What we have today is no longer a creeping, but a galloping fascism, with its unique characteristic being that an individual holds title to property, but the property's use and disposition are dictated by permit-masters. Apartment developers, for example, are often compelled to set aside a percentage of their units for the poor -- with the predictable result that the cost of the uncontrolled units rises. As a condition of receiving a permit, commercial builders must often surrender acres of land and then pay for the sewer system or bike path (or whatever) the state desires to build on the confiscated property. Office rents are then artificially high, as are the prices of the products and services offered by its tenants -- which in turn means that those businesses have less capital for expansion (and hiring), and that their customers have less money to spend on other products and services.
These exactions gravely harm victimized companies, employees, and customers. Morally, a merger or acquisition is an application of the Trader Principle -- "a free voluntary, unforced, uncoerced exchange -- an exchange which benefits both parties by their own independent judgment"[iii]. In terms of an uncoerced exchange, a local store buying or combining its assets with another local store is identical to two large-cap companies doing the same.
But the permit-masters at the FTC, FCC, and DOJ do not believe in liberty or private property or the rule of contract. Under the Hart-Scott-Rodino Act, among others, the government compels such businesses -- using the euphemistically titled "Premerger Notification Rules" -- to secure permission before engaging in a trade. Once the government injects physical force into a free-market transaction, it can confiscate a company's property and seriously hobble its operations.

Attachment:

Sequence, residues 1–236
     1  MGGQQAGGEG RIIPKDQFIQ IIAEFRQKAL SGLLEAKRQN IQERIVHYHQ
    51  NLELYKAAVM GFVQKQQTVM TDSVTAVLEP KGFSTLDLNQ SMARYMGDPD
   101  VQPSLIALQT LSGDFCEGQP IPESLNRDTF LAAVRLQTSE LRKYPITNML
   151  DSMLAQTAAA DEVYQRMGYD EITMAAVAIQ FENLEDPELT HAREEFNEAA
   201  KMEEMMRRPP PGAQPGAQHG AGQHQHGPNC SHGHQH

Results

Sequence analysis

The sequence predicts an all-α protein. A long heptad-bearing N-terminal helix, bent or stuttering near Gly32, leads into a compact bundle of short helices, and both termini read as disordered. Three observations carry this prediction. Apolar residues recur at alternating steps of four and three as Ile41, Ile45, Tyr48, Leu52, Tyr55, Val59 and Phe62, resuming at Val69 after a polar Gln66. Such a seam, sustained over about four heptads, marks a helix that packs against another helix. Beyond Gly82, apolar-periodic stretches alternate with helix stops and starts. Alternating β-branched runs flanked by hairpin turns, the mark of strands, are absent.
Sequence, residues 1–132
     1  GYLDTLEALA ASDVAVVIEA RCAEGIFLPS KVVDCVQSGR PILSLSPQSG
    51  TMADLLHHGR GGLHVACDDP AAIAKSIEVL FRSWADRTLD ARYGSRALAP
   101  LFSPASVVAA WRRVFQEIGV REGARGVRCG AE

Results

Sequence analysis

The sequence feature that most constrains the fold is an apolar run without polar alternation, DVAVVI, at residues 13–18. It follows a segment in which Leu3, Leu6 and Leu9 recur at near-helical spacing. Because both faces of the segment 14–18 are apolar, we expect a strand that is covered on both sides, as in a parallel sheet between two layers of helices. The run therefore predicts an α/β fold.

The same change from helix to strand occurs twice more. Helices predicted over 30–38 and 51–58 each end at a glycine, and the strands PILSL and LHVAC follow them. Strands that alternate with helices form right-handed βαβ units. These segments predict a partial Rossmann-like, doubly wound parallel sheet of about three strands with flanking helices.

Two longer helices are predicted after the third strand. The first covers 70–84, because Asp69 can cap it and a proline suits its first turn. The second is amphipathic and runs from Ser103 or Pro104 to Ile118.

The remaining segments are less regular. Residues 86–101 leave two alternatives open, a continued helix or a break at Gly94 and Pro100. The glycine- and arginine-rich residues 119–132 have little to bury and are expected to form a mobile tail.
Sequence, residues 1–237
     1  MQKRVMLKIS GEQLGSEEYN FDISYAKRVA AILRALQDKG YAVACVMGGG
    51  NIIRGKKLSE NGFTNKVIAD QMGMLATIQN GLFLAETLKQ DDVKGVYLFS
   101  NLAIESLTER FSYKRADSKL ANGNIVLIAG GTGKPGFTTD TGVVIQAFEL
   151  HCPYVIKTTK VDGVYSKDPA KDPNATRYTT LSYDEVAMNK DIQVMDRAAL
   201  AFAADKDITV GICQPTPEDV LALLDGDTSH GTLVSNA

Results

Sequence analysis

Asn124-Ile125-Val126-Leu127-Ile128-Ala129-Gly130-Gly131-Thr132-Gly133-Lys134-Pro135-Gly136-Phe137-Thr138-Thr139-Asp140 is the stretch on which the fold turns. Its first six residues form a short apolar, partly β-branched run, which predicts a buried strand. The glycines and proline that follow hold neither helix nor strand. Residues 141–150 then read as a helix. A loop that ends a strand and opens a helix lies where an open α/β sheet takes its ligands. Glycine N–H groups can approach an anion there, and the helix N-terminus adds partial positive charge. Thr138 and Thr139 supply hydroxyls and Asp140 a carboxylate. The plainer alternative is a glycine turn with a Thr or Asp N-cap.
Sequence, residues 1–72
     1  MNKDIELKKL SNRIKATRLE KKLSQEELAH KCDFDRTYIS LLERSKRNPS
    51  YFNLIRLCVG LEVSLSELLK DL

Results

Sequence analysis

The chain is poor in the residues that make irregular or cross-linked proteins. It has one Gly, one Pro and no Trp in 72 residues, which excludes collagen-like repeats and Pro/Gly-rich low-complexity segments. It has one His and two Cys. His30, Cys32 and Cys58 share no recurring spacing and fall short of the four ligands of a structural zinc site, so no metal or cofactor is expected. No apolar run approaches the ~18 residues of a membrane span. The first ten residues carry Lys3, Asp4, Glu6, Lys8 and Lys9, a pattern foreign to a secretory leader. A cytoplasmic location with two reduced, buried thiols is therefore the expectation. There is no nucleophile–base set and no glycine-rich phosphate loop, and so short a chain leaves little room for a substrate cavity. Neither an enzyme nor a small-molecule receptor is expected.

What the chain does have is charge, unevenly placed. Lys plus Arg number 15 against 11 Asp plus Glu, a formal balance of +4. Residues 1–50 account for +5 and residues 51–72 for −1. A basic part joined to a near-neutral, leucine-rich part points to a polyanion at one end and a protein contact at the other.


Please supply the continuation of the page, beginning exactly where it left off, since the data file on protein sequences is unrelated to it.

When Staples and Office Depot tried to merge in the mid-'90s, the Federal Trade Commission stopped the merger. A tribute was offered. Office Depot would surrender 63 of its stores to a competitor, Office Max. Still, the FTC said "no." United Airlines was denied permission to acquire US Air, as was Nasdaq OMX Group to purchase NYSE Euronext, and H&R Block to buy TaxAct. Most recently, AT&T tried to placate permit-masters at the Federal Communications Commission by promising to sell T-Mobile USA assets to other wireless carriers. The FCC still killed the deal. As a result, AT&T was compelled to pay a $4-billion "break-up fee" -- which in reality was government-caused wealth redistribution.
It is alleged that the government needs this pre-emptive police power to ensure that a merger or acquisition is in the "public interest," and that it does not "substantially harm competition." But in a civilized society, there is no such thing as a competitor's "right" to dictate how the assets of another company are spent, nor is there such thing as the public's or consumer's "right" to do so. Only individuals have rights. And a "'right' is the sanction of independent action. [It] is that is that which can be exercised without anyone's permission"[iv].
Bad political theory creates economic disasters. For example, as a condition of transporting passengers, New York City compels cab operators to purchase a taxi medallion, at the cost of some $1 million. When the government's permit-wielders refused to allow the AT&T/T-Mobile deal, T-Mobile USA went into death throes. It is closing cell centers in Pennsylvania, Florida, Texas, Kansas -- while laying off 1,900 employees. Said T-Mobile USA CEO and President Philipp Humm: "These are not easy steps to take -- or, I know, to read. We must address our business realities so we can focus on getting T-Mobile back to growth"[v].
And he could have added that those disastrous "steps" and "business realities" were caused by his company being denied a permission that he should never have had to seek.
Gary Hull, Ph.D. is director, Program on Values and Ethics in the Marketplace, Duke University
[i] The Virtue of Selfishness, Ayn Rand (New American Library, p. 94)
[ii] Liberty and Law (Vol. 20, Iss. 3; www.ij.org)
[iii] The Virtue of Selfishness (op. cit., p. 35)
[iv] "Textbook of Americanism," Ayn Rand (The Ayn Rand Column, Second Renaissance Books)